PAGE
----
Few young brands in New York can claim as refined a taste as Khaite. In just a few short years, creative director Catherine Holstein has established an aesthetically pleasing blend of minimalist sportswear with a modernist edge that manages to feel both aspirational and attainable.
Holstein, who grew up in London, has long mined the American Southwest while exploring her past; this season, she imbued her clothes with more emotion, drawn from a visit to her grandparents’ home in Woodstock, Vt., which hadn’t changed since the late Sixties.
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“As soon as I walked in I found it overwhelmingly emotional,” Holstein said backstage after the show. “To see something you haven’t seen in 25 years, but it’s been there and it’s exactly the same.”
The show and clothes reflected as much deep emotion. Whereas past collections have established a code of reality through strong tailoring, denim and knitwear, spring brought forth an element of fantasy. Case in point: The set for her second-ever runway was a mountainous pile of antique wooden chairs. “I really wanted people to feel like, ‘What happened here?’ when they stumbled upon it,” she added. “This one was more melancholic and reflective. It was a revisit of my childhood, a revisit of my life.”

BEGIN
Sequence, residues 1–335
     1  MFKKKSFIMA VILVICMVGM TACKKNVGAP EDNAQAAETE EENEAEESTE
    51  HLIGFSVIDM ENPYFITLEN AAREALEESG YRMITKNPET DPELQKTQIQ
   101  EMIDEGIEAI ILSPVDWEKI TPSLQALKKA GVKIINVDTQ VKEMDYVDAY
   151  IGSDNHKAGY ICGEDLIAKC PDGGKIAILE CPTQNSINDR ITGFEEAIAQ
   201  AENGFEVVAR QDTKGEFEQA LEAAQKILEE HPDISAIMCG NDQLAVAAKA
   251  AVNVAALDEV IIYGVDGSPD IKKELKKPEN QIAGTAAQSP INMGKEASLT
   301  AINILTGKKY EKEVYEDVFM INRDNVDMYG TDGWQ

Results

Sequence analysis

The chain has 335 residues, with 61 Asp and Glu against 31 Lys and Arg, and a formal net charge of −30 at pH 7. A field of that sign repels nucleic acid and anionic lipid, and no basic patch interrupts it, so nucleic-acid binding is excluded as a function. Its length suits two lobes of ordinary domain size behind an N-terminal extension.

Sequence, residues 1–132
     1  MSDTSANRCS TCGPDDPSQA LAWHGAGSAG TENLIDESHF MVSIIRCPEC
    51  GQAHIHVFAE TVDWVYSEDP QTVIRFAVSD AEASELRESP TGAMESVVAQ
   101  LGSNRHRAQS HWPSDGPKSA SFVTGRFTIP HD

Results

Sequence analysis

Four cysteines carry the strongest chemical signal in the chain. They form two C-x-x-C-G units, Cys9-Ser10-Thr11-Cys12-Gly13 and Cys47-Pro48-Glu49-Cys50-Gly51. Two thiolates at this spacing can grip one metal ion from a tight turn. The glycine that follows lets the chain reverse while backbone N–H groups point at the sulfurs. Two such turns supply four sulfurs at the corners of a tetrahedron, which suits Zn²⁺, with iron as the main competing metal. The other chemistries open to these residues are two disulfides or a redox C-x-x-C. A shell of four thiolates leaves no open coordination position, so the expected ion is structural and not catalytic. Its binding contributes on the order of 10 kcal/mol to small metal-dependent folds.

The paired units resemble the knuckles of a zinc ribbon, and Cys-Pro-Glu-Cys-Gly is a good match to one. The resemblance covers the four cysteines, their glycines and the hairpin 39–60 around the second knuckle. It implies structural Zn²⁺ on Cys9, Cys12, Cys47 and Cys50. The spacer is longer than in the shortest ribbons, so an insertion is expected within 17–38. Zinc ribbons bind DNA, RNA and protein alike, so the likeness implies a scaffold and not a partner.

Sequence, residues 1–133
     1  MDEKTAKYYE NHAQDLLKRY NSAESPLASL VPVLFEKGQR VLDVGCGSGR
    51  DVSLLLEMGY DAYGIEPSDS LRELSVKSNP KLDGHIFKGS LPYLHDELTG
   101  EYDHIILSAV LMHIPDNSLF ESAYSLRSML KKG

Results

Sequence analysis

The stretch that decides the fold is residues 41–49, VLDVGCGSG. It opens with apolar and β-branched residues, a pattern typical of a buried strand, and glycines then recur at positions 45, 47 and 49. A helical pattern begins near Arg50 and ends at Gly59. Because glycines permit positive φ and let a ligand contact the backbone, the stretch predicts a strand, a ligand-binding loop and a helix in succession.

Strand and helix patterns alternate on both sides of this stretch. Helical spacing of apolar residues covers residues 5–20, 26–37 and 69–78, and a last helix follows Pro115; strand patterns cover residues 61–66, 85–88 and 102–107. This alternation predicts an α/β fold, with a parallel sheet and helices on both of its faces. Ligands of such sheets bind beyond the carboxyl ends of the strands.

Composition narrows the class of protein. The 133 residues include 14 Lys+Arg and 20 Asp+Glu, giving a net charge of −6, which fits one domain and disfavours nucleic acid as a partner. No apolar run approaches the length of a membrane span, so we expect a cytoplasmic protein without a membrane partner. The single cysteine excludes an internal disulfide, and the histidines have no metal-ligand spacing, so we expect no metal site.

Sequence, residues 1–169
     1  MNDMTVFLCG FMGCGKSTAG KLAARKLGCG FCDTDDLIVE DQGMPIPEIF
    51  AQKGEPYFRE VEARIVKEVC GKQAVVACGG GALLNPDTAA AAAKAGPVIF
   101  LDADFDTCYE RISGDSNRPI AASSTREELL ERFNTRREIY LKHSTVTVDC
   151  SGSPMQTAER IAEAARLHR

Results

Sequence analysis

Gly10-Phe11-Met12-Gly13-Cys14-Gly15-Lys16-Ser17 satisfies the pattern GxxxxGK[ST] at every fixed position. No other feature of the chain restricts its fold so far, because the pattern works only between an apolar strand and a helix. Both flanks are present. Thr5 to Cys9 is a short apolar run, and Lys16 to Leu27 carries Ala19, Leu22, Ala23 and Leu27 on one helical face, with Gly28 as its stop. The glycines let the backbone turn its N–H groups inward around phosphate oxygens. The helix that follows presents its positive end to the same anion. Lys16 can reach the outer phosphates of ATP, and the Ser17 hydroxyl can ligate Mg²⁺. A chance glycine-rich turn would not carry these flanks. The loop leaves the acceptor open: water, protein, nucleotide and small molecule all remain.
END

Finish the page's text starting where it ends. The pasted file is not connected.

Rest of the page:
The clothes, on the other hand, were brought into playful territory. The introduction of prints, for instance, was a natural evolution; taken from wallpaper patterns, they were cut into fluid tops with drapey sashes, silky pants and shirting. Building on themes of elegant yet subversive dressing, she reinvigorated statement dresses with plaid-and-tulle fabric play and buoyant, dramatically structured sleeves.
Tying it all back to memory, a collaboration with Swarovski resulted in crystal-trimmed accents on sleeve caps, tulle dresses and tops, which felt akin to playing dress-up with your mother’s jewelry box. “You wouldn’t necessarily expect it from me,” she concluded. “To not be afraid to explore something.”
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